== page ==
Monthly payments with a 10-year refinance term would cost a significant amount more per month than you would with a 15-year term, but you’ll pay less interest in the long term.
How our refinance rates are calculated
Our daily refi rates are based Bankrate’s daily rate data, which is owned by the same parent company as NextAdvisor. These daily refinance rate averages are based on a consumer profile of the following:
- Loan to value (LTV) or 80% or less
- Owner occupied home
- FICO score of 740 or higher
- Single-family detached home
The information provided to Bankrate from lenders nationwide is displayed in the table below:
|30-year mortgage refinance rate||3.51%||3.44%||+0.07|
|15-year fixed refinance rate||2.81%||2.66%||+0.15|
|10-year fixed refinance rate||2.83%||2.69%||+0.14|
Rates as of January 14, 2022.
Refinance Rate Frequently Asked Questions (FAQ):
Should I Refinance Right Now?
The decision to refinance isn’t driven only by market factors such as interest rates or home values, your personal situation also matters. Assessing whether refinancing fits into your financial and life plans, is always a good idea
Generally speaking, refinancing makes sense if you can lower your interest rate by 1% or more. However, there are times when securing a lower interest rate isn’t the main driver behind the decision to refinance. As home values rise, many homeowners are choosing to turn their equity into cash via a cash-out refinance. Cash-out refinance loans typically have higher rates compare to other options, but it can be a good way to pay for home upgrades or to pay off other higher interest debt.
At the end of the day, it’s a good time to refinance if refinancing aligns with your financial goals and helps you achieve them.
How to Get the Lowest Refinance Rate
Your finances have a big impact on the refinance rate you get. Having a lower loan-to-value ratio for your home and a healthier credit score ordinarily translates into a better interest rate.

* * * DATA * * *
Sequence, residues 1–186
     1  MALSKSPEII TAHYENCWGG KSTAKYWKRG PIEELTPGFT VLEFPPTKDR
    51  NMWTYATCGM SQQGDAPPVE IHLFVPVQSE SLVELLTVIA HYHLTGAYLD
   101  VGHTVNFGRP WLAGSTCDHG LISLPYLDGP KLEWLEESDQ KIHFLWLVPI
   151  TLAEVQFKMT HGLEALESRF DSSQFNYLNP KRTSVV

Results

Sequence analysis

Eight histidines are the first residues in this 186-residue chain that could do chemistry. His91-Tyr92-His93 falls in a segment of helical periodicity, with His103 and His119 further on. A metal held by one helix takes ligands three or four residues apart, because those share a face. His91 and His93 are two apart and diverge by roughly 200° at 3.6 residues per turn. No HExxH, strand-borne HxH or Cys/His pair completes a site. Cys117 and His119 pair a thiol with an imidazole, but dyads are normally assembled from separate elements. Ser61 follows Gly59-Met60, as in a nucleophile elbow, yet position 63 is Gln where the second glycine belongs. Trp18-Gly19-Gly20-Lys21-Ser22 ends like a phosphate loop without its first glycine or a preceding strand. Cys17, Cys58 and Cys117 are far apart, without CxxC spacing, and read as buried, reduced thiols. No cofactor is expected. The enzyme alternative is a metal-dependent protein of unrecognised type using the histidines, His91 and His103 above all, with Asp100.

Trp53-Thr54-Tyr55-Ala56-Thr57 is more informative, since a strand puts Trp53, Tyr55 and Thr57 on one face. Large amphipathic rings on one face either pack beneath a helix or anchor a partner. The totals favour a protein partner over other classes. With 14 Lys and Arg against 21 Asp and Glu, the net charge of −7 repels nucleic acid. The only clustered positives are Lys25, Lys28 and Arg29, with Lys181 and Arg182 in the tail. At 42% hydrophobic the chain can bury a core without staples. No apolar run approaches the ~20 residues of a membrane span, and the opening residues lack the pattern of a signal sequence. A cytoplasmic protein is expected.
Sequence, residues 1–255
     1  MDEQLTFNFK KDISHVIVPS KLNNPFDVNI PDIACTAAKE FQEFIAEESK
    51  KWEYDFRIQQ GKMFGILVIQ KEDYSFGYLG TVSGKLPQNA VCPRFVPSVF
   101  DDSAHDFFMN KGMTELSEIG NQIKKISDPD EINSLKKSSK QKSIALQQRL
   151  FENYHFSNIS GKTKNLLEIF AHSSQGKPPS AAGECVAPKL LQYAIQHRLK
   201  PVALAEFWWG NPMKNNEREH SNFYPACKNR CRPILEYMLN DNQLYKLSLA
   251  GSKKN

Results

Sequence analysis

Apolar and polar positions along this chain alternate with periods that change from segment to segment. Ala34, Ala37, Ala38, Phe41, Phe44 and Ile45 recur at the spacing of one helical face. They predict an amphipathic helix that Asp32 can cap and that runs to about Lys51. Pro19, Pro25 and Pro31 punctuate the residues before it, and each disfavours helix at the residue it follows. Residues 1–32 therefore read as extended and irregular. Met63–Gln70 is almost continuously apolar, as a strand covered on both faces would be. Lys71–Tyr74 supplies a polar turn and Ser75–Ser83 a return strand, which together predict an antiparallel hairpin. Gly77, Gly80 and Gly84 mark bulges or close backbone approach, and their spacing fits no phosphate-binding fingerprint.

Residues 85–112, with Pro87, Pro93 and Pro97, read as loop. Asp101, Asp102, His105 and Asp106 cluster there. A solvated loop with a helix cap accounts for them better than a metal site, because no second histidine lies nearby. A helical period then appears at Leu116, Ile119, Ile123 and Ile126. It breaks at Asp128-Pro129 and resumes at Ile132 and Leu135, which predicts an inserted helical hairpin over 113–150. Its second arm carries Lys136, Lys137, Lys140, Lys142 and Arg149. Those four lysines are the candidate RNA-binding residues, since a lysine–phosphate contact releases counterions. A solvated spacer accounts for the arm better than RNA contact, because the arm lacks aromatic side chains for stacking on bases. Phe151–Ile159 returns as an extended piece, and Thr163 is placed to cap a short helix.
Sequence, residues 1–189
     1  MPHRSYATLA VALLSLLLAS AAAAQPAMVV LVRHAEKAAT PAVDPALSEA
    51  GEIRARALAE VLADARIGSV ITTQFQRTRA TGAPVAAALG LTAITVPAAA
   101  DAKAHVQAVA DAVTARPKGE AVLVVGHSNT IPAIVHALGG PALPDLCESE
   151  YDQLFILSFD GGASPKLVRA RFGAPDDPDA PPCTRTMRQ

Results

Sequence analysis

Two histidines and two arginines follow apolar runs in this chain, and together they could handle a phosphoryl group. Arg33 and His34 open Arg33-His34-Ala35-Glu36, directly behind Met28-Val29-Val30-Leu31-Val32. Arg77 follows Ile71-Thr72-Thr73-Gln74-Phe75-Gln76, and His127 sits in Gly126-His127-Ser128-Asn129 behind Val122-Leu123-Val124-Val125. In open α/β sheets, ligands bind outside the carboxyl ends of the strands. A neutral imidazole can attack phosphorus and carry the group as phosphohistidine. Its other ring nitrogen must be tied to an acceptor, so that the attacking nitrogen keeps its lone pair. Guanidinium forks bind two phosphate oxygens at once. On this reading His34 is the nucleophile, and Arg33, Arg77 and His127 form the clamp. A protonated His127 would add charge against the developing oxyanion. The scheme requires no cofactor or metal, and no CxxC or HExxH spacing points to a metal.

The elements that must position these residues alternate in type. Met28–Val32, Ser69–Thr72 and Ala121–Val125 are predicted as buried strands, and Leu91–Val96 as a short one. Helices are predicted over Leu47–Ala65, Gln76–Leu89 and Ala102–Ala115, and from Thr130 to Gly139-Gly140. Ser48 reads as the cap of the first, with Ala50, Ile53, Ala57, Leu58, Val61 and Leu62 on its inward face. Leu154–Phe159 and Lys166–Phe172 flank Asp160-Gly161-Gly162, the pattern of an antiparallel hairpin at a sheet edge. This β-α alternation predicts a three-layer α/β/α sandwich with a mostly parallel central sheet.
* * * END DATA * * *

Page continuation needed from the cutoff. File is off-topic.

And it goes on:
Your personal finances aren’t the only consideration that affects your mortgage refinance rate. A better loan-to-value ratio (LTV) may help you get a better refinance rate. So it’s better to have more equity. Having at least 20% equity in your property is ideal.
Even the mortgage itself can determine your refinance rate. A shorter-term refinance loan usually has better rates than refinance loans with longer repayment terms, all else equal. Also, if you want to pull cash out of your home with a cash-out refinance, you’ll be charged a higher interest rate, compared to other types of refinancing.
How Much Does Refinancing Cost?
There are a number of factors that influence the cost of refinancing, including:
- Where the property is located
- Type of mortgage
- The lender
- Size of loan
- Your credit score
- The equity you have in the home
In general, refinance closing costs are 3% to 6% of the loan balance. Your state and local regulations can influence what fees and taxes you pay. Having more equity in the home and a higher credit score will make it easier to qualify for the refinance loan, secure a lower rate, and to get lenders to compete for your business.